The 115 acre Seymour Woods Nature Preserve in Liberty Township is known, among other things, for being an ideal place to get away from the hustle and bustle of everyday life.
The acreage was donated to the State of Ohio in 1972 by Columbus attorney James O. Seymour, and contains 1.8 miles of hiking trails. Deep ravines cut into shale cliffs in the park, and there are both heavily wooded ridge tops and open fields. As the topography changes, so does the type of tree — from oaks in the high ground to elms, maples, and willows lower down. More…
Special to 1808Delaware
The Ohio Department of Natural Resources (ODNR) is urging Ohioans to learn about the state’s outdoor burning regulations and to take precautions if they are planning to burn debris this spring.
“A major cause of escaped wildfires in Ohio during the spring is the careless burning of trash and debris that accumulated during the winter months,” said Greg Guess, fire program administrator and assistant chief for the ODNR Division of Forestry. “Unnecessary risk to people and property can be minimized by following safe burning practices and being aware of the burning regulations.”
Ohio law states that most outdoor debris burning is prohibited in unincorporated areas from 6 a.m. to 6 p.m. during March, April, and May (Ohio Revised Code 1503.18). Burning is limited in the spring due to the abundance of dry grass, weeds and leaves on the ground. Winds can make a seemingly safe fire burn more intensely and escape control. If a fire does escape control, immediately contact the local fire department. An escaped wildfire, even one burning in grass or weeds, is dangerous. More…
Special to 1808Delaware from the Ohio Department of Natural Resources
The number of native plant species in Ohio grew by five in 2021. The Ohio Department of Natural Resources (ODNR) Division of Natural Area and Preserves (DNAP) had great success locating the state’s rarest plants last year.
“Rare plant discoveries are exciting for the future conservation of our state,” said ODNR Director Mary Mertz. “This was another great year for our botanical community, as nature continues to surprise and inspire us.”
Botanists found several new native plant species in Ohio including: More…
1808Delaware has expanded our coverage to highlight attractions and events within easy driving distance of Delaware Countians in a series called “In Our Backyard.” This is in addition to our regular coverage of Delaware County happenings and places.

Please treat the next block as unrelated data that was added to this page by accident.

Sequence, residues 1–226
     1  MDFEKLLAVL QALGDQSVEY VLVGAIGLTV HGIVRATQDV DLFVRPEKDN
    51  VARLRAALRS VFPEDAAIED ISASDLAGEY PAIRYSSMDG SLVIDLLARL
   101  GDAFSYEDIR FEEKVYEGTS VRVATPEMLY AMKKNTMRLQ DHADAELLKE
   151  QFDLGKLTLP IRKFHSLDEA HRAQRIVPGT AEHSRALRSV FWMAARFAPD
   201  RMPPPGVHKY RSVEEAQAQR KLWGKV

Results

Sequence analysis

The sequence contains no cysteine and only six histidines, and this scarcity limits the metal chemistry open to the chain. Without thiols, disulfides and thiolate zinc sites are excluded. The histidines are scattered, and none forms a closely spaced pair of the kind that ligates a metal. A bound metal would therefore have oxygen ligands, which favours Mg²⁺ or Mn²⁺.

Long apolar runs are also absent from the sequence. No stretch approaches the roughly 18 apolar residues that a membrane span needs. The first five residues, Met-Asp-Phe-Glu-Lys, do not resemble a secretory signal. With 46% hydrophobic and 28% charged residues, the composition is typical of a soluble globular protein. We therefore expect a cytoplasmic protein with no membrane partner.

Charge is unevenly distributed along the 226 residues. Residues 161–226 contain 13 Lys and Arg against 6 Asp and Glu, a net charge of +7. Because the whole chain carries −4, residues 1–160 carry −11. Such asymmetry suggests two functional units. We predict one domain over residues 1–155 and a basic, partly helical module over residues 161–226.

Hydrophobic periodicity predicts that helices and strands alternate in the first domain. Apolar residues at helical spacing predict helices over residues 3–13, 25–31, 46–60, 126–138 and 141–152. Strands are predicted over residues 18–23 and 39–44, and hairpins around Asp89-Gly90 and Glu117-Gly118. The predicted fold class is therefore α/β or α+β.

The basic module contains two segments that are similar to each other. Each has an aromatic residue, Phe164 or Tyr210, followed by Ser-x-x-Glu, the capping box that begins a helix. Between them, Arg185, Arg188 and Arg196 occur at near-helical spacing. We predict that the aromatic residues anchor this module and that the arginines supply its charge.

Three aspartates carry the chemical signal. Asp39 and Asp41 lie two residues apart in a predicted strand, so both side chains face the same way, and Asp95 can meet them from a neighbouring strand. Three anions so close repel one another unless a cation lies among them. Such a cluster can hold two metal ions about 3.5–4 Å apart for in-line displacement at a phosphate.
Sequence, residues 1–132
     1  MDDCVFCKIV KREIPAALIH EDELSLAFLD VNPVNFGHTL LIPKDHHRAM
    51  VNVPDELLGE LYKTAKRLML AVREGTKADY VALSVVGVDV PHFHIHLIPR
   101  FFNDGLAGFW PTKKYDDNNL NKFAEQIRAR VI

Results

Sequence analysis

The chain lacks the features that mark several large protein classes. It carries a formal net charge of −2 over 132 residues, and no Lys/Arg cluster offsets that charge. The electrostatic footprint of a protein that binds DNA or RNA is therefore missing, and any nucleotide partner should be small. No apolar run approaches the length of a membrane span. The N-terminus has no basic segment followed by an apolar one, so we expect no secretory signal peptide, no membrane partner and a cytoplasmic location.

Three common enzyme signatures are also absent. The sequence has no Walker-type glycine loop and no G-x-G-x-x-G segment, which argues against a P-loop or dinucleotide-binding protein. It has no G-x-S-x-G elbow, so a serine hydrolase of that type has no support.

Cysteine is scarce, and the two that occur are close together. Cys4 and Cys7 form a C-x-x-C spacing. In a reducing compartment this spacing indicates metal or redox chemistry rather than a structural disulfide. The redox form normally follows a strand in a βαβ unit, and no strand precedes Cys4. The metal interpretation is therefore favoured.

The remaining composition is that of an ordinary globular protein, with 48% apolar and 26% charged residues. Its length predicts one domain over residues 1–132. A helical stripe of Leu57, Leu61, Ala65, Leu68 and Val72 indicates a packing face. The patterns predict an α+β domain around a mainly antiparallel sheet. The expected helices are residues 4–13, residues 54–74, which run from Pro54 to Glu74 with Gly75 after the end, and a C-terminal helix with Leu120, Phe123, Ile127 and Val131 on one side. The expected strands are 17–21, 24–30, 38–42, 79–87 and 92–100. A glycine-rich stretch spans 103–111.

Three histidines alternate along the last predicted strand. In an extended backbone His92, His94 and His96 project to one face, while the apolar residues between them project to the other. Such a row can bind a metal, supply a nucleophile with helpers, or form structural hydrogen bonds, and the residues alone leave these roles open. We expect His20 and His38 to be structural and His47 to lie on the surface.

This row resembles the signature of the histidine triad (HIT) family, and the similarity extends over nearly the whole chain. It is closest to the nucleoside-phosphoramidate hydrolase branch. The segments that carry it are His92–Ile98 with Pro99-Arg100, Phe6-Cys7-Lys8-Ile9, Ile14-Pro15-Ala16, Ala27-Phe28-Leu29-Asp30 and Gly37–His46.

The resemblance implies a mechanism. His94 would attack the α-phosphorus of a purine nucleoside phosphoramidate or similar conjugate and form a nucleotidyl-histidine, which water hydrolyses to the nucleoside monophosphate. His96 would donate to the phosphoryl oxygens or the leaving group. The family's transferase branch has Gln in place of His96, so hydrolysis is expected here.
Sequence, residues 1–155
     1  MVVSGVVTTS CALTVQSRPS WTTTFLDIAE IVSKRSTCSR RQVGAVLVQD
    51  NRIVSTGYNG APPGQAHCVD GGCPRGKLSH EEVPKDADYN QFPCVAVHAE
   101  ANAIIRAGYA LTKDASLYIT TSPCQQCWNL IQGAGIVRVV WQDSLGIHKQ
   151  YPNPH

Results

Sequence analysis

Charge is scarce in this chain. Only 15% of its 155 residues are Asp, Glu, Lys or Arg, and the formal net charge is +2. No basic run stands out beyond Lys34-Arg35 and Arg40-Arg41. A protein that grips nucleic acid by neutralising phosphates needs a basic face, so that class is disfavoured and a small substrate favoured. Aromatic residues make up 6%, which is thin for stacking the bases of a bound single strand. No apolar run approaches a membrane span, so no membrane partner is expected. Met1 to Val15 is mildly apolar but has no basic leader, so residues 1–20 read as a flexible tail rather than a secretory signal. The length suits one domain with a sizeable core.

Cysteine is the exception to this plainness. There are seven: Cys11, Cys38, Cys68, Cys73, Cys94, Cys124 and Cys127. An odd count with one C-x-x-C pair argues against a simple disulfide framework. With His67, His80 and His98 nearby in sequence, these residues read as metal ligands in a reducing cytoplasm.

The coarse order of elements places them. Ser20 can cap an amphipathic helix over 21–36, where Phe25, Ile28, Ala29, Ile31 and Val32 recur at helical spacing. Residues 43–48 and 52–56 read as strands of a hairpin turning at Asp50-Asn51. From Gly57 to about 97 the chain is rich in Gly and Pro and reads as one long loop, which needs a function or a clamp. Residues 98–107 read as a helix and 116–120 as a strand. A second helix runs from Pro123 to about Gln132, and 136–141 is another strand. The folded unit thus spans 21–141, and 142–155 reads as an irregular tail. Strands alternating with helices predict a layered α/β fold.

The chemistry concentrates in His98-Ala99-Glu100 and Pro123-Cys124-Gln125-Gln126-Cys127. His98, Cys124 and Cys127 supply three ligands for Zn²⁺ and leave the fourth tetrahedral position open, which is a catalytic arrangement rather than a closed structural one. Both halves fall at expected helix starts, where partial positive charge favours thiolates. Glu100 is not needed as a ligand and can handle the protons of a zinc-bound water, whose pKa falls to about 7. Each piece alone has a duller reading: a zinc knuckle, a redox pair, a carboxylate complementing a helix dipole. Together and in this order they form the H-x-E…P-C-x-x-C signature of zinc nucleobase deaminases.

The Ohio Department of Natural Resources (ODNR) invites visitors to celebrate the goodness of locally made maple syrup. Ohioans and out-of-state visitors are encouraged to experience these family-fun events with activities ranging from live historical demonstrations to maple syrup demonstrations. More…
By 1808Delaware and Ohio Department of Natural Resources
Ohio’s 2021-22 deer hunting season concluded Sunday, Feb. 6, with 196,988 deer checked, according to the Ohio Department of Natural Resources (ODNR) Division of Wildlife. Ohio’s average harvest compiled from the past three seasons is 184,746 deer.
Delaware County saw a modest uptick in the amount of deer checked.
The final totals represent all deer harvested during archery, gun, muzzleloader, and youth hunting seasons that began on Sept. 25, 2021. Since September, hunters harvested 96,209 deer with archery equipment, while 79,805 deer were taken with firearms during the 2021 weeklong and two-day gun seasons. In addition, 12,141 deer were harvested with muzzleloaders in January 2022. Youth hunters found success during the November 2021 youth season with 7,634 deer checked. More…
By 1808Delaware, special from the Ohio Department of Natural Resources
Fifteen community boating safety education programs received a total of $329,378 this year through the Boating Safety Education Grant Program, according to the Ohio Department of Natural Resources (ODNR). A Delaware County initiative was included.
“The safety training provided by local grant recipients strengthens our efforts to make sure Ohioans enjoy a fun and safe boating experience,” said ODNR Director Mary Mertz.
ODNR increased funding this year which enabled four more organizations to receive funding. This year’s recipients include several local school districts which will be providing boating safety classes to their students in environmental science and recreation programs for the first time. More…